Improve flexibility for both body and mind. Practicing control is mimicked by evolving flexibility. Not everything will go your way, and you'll have to adapt to the elements.
Trial and Error
Beginning a morning routine includes dedication, strength, and frustration. Be patient with yourself and accept the setbacks as challenges to conquer.
Imagine your ideal morning routine. Maybe you've always dreamt of being that person who wakes up at 5 am to exercise, hydrate, eat a healthy breakfast, and have that perfect cup of tea or coffee.
I already feel that face I make when I hear about someone with this perfect morning routine. How rude of them to have it all figured out! What nerve do they have to float around the day with that healthy annoying glow? I'll have to go home, drink a bottle of wine, and eat a big bowl of ice cream to forget their serene face. Definitely sleeping in tomorrow.
But don't be mad. You too can have the glow, the success, and the contentment. Sure 5 am would be challenging, but imagine what the rest of your day would feel like. So conquer that challenge first thing.
Have you ever experienced what 5 am feels like in your life? Does the sun start to rise just as you finish your yoga and meditation? Is the rest of the family waking up as you complete your fantastic cup of bliss in peace?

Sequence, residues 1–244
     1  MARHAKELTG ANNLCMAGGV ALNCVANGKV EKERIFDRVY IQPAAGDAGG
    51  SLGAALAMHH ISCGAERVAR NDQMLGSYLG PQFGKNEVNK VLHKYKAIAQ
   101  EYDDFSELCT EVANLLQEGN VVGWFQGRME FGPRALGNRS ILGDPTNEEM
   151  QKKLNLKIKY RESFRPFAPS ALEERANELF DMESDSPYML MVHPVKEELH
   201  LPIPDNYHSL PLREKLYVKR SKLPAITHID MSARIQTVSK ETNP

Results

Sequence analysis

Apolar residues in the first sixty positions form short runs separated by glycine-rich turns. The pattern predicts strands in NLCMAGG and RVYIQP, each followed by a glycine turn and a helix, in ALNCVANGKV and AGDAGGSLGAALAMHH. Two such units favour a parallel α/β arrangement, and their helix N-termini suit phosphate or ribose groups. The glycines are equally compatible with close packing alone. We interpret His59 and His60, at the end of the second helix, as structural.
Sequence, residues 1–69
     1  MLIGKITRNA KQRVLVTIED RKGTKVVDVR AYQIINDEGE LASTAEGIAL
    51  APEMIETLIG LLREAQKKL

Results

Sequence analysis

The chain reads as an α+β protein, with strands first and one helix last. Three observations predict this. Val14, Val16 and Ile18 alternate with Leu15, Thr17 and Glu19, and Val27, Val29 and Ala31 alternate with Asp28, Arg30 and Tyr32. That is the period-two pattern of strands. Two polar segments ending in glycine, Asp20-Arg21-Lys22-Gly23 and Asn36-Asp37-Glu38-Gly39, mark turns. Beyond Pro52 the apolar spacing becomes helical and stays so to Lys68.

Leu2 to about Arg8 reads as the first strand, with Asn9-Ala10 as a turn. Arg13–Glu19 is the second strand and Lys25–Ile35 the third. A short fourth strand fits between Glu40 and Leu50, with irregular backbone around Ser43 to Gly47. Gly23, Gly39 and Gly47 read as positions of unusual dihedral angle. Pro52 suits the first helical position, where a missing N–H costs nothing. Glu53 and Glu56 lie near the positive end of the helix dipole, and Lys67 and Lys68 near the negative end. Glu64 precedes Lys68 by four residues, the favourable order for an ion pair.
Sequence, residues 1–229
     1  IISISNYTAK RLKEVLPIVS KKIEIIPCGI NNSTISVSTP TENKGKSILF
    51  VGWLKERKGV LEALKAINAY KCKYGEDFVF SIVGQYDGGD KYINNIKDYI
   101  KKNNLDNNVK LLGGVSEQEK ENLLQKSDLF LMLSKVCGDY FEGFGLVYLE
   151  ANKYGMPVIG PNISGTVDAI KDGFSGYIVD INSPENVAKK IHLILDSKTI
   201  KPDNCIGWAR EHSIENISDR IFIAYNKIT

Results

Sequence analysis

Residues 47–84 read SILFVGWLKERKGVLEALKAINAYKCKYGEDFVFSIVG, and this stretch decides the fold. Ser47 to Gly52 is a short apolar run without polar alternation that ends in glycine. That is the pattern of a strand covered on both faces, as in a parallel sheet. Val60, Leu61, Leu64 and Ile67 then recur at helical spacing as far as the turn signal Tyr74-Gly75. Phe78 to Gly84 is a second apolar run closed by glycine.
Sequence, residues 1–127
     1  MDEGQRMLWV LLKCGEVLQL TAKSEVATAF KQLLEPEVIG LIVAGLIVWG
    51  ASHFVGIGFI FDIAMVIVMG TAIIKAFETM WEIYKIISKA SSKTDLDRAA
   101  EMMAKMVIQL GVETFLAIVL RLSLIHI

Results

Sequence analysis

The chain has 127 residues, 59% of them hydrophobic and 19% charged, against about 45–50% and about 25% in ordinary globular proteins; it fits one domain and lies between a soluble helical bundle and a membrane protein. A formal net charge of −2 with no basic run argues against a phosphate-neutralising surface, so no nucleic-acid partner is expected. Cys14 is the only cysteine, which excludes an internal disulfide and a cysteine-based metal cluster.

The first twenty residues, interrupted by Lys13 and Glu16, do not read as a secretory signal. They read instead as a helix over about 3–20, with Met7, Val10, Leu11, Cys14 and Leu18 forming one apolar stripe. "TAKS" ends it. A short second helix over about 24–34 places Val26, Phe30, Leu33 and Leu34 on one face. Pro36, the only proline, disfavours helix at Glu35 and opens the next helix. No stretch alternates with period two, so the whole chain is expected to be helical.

I challenge you to write down your perfect morning routine. What's included? What time would you need to wake up? What accomplishments are completed before breakfast? How would all of that make you feel? Would it be worth it? Would it be doable if someday it became natural and easy?
Could you dedicate 2 to 3 months to make it so flawless and enjoyable that you couldn't miss it?
Now, put that dream routine aside for a moment. I urge you not to shoot for the stars on day one.
For long-term, lasting results, start slow. Take baby steps. What time do you wake up now? Can you try setting your alarm for 30 minutes earlier or even 10 minutes earlier? Add pieces of the change over time to get to that dream routine.
Take this as a learning opportunity to see what works and what doesn't work for you. Then, fine-tune the process until it fits, rain or shine.
My morning routine story
Practice what you preach.